Surely a community of musicians with such a rich and sagely heritage should be mature enough to recognise the natural law that there are practical implications for what is going on inside our heads. In formal debate and discussion, participants may not simply be seeking to have everything tied down and put in neat boxes, but could in fact be taking part for the pleasure and satisfaction of the process of debate itself, as a method of honing and refining the rough seeds of ideas that they themselves have.

Mary Cullen, a former Senior Lecturer in Modern History at NUI Maynooth, recently wrote:

For whatever reasons, few of us in Ireland show much confidence in our ability to engage freely with new or opposing ideas, and we seem to feel threatened by the possibility of having to change or even modify our opinions. We appear to have low levels of intellectual curiousity or of delight in teasing out ideas, testing their strengths and weaknesses, entertaining and exploring new points of view, moving on and developing our thinking.

That this country may have an unsympathetic view of intellectual debate would be one obstacle to our creating a culture of formal critical reflection in traditional music. The other obstacles are practical – the lack of periodicals, talks, seminars, debates, discussions on radio and television programmes, and book publishing. But these are surely not beyond us, given that much of the infrastructure is already in place. What, for example, is stopping Lyric FM from producing a weekly half-hour discussion programme on issues in music?

Whatever about the potential, some recent news could, if not acted upon, further strengthen the views of those who think that Irish traditional music is hopelessly incapable of creating a culture of critical reflection. The latest Awards book from the Arts Council provides the traditional music community with a unique opportunity, and one would be hard pressed to come up with a stronger signal that it is time to put the fatalists’ theories to test. On page 10 there is an unprecedented paragraph entitled ‘Traditional Arts’, which states:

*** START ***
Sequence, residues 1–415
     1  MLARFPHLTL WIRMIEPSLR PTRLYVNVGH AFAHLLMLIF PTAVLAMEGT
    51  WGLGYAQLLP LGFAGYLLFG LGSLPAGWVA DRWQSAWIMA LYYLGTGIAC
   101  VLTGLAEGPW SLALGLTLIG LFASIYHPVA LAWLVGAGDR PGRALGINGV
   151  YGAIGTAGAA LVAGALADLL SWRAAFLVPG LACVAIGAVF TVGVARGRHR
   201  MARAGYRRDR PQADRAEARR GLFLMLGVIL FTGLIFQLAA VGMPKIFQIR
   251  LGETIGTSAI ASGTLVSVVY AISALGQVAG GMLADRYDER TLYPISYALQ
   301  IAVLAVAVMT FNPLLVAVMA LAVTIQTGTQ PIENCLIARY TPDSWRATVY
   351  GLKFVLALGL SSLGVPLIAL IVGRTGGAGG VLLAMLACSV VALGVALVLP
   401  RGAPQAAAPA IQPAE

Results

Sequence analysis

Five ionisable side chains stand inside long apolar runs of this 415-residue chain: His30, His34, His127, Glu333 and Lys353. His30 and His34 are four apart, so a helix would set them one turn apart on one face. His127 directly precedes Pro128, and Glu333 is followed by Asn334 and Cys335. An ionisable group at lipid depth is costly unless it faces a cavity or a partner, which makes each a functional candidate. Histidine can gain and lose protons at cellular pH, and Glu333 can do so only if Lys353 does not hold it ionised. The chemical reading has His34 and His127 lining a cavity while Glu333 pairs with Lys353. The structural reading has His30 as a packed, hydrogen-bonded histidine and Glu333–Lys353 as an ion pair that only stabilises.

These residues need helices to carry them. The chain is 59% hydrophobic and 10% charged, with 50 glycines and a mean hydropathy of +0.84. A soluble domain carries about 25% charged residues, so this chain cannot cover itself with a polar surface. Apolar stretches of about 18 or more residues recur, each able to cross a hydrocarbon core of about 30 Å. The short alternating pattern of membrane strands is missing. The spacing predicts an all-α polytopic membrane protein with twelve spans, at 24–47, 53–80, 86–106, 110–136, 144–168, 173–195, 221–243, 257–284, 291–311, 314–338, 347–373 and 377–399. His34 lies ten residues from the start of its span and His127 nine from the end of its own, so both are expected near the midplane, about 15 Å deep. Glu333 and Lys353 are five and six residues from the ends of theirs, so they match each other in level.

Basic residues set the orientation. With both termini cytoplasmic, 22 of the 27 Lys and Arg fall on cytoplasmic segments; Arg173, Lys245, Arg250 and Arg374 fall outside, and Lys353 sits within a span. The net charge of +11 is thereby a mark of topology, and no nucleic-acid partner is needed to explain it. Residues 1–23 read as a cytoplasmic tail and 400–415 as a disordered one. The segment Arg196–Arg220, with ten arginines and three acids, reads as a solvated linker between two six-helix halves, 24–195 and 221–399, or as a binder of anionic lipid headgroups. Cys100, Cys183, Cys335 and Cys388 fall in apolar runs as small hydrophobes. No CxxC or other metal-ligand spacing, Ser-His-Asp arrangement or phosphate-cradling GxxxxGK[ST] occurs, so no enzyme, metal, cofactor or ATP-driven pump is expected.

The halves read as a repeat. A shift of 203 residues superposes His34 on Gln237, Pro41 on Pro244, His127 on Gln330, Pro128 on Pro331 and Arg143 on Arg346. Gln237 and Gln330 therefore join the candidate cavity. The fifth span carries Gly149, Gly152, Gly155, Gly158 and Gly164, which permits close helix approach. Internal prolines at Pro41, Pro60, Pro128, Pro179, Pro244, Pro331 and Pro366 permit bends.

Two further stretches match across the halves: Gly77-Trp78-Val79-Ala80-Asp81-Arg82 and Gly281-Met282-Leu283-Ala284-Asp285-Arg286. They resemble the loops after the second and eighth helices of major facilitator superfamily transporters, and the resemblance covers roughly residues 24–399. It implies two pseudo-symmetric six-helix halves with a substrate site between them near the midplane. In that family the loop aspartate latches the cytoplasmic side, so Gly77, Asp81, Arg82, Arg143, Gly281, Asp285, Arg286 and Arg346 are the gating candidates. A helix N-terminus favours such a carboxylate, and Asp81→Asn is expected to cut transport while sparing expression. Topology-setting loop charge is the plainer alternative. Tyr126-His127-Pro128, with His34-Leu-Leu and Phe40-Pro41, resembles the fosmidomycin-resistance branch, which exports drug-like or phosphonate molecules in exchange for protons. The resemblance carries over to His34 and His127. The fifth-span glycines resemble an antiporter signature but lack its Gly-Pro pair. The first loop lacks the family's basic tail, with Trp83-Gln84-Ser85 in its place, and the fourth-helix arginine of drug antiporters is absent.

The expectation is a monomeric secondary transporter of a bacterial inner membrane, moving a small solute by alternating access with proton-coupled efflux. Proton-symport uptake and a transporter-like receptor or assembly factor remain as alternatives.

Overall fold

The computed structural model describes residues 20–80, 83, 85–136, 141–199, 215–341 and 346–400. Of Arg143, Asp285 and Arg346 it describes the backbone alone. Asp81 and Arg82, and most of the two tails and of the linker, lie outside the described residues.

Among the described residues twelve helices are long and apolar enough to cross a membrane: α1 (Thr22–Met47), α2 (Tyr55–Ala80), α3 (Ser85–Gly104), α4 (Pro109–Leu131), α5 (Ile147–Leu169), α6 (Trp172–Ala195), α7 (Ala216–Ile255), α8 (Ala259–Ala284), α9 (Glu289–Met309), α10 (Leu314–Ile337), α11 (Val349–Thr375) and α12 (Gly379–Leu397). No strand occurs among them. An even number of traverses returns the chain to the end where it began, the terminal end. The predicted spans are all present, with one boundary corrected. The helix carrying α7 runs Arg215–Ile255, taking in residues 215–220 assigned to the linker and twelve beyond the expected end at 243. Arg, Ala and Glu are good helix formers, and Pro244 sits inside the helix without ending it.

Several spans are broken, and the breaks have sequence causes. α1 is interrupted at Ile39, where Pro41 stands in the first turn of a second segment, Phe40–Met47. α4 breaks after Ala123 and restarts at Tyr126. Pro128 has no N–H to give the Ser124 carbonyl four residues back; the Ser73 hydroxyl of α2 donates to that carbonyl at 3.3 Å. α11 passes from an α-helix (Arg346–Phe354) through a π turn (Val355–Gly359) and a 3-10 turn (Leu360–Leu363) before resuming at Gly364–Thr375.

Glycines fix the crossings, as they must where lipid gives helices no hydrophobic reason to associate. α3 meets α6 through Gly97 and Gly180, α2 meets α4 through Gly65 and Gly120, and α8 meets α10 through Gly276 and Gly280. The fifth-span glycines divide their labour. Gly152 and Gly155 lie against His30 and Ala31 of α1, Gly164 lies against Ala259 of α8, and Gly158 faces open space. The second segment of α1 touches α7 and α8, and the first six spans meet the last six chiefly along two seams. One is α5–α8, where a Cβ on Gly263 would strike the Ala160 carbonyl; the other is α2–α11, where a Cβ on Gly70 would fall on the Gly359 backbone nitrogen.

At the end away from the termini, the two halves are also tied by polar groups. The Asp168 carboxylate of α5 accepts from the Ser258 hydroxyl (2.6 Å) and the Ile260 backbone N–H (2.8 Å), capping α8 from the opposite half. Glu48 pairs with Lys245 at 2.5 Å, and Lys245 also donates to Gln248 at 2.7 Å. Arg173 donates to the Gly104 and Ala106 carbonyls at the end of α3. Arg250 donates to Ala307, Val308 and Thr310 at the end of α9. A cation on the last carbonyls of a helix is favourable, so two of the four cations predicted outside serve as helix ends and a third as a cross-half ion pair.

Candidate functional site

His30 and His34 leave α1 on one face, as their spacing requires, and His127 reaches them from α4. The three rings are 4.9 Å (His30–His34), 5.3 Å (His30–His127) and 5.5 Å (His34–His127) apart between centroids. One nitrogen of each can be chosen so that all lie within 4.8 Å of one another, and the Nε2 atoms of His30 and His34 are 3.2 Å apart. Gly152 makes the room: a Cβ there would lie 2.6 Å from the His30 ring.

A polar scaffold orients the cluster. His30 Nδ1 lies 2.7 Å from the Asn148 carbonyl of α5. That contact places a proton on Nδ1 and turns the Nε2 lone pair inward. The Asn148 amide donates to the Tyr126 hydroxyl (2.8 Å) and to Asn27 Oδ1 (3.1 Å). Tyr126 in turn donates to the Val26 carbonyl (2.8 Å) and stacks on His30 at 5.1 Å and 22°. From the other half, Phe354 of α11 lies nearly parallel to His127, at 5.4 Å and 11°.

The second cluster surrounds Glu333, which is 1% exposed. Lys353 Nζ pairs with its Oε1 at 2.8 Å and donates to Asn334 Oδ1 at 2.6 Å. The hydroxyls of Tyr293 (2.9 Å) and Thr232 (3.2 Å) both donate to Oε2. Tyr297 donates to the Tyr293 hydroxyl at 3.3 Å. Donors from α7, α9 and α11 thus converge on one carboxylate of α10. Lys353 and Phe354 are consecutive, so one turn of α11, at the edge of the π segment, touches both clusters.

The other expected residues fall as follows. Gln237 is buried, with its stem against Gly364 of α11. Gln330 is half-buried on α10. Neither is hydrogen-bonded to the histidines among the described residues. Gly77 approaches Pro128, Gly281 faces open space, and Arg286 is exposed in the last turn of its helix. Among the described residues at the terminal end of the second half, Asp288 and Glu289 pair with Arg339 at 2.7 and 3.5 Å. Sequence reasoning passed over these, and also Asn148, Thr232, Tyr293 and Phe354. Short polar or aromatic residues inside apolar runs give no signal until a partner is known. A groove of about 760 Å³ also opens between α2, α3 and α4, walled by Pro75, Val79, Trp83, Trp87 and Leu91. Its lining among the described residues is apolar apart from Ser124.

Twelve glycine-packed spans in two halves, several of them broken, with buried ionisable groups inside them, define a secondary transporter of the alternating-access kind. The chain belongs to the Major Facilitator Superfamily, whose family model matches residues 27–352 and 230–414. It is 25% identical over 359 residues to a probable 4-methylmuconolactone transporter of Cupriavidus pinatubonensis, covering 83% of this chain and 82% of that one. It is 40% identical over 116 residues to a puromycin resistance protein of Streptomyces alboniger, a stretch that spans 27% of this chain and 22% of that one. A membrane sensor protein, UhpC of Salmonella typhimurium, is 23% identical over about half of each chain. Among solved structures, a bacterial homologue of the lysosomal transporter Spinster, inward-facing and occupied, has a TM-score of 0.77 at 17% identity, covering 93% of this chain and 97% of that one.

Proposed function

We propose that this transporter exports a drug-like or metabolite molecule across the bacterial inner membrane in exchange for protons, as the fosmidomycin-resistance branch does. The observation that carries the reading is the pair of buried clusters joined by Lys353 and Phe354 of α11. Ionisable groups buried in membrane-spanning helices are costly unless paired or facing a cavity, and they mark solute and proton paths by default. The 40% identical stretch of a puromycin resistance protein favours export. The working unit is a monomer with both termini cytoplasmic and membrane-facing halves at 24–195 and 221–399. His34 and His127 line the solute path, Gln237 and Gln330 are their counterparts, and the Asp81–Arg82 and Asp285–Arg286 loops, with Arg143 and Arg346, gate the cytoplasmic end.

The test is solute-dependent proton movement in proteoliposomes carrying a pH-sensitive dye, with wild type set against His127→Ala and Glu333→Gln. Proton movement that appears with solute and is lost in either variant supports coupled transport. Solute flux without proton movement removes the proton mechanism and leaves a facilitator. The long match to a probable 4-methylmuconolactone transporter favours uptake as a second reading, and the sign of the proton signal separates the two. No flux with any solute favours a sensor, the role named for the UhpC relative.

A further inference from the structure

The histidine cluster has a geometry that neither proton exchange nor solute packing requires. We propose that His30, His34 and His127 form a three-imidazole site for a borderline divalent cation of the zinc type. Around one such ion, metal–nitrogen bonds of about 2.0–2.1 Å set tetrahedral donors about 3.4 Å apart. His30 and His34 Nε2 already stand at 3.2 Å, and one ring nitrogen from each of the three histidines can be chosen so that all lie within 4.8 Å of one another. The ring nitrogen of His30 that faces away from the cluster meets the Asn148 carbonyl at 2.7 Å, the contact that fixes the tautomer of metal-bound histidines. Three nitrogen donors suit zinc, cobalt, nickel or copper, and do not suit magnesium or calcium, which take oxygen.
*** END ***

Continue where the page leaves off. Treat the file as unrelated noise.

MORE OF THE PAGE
The Council is particularly anxious to find the most effective ways of supporting traditional music and we expect to see greater participation in all our awards schemes by traditional musicians. We are interested particularly in apprenticeships and in creative proposals for residences. In addition to the new professional development and training awards, we intend to develop other ways of supporting traditional musicians.

And then on page 46 one can read about an entirely new initiative entitled the ‘Critical Reflection Award’, which ‘aims to broaden and inform critical debate in the contemporary arts’ and which concludes on the following note: ‘The Council is interested in receiving proposals during 2002 which deal with the development of critical thinking, reflection and debate on traditional music.’ No other art form is singled out as traditional music is. Similarly on page 74, under the ‘Music Publications and Recordings Scheme’, there is mention of supporting traditional music publications in particular.

This initiative not only demonstrates an awareness of the complete lack of development of critical writing and thinking on traditional music in this country, but also the fact that it is an intolerable situation for a country such as Ireland, whose music is so acclaimed worldwide, to be so bewildered by the aesthetics of its native musical art that it doesn’t dare publicly discuss them.

The question is, who will take up the Arts Council’s offer?

March 2002